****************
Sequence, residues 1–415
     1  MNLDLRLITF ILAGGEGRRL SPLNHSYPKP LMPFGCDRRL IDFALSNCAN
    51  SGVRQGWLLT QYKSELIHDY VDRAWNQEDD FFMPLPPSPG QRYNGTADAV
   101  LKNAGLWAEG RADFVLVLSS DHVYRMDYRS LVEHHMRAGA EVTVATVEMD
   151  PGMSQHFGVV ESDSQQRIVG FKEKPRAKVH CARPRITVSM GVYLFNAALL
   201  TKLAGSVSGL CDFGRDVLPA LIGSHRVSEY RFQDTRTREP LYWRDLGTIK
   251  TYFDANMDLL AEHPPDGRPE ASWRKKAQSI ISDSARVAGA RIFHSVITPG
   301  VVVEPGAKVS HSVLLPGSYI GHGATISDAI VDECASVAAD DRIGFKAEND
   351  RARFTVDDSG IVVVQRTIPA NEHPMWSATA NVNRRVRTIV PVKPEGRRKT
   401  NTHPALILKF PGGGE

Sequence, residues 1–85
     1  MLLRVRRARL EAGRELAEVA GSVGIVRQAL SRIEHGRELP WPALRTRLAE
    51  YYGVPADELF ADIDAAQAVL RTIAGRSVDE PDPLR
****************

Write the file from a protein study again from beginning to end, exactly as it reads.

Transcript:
Sequence, residues 1–415
     1  MNLDLRLITF ILAGGEGRRL SPLNHSYPKP LMPFGCDRRL IDFALSNCAN
    51  SGVRQGWLLT QYKSELIHDY VDRAWNQEDD FFMPLPPSPG QRYNGTADAV
   101  LKNAGLWAEG RADFVLVLSS DHVYRMDYRS LVEHHMRAGA EVTVATVEMD
   151  PGMSQHFGVV ESDSQQRIVG FKEKPRAKVH CARPRITVSM GVYLFNAALL
   201  TKLAGSVSGL CDFGRDVLPA LIGSHRVSEY RFQDTRTREP LYWRDLGTIK
   251  TYFDANMDLL AEHPPDGRPE ASWRKKAQSI ISDSARVAGA RIFHSVITPG
   301  VVVEPGAKVS HSVLLPGSYI GHGATISDAI VDECASVAAD DRIGFKAEND
   351  RARFTVDDSG IVVVQRTIPA NEHPMWSATA NVNRRVRTIV PVKPEGRRKT
   401  NTHPALILKF PGGGE

Sequence, residues 1–85
     1  MLLRVRRARL EAGRELAEVA GSVGIVRQAL SRIEHGRELP WPALRTRLAE
    51  YYGVPADELF ADIDAAQAVL RTIAGRSVDE PDPLR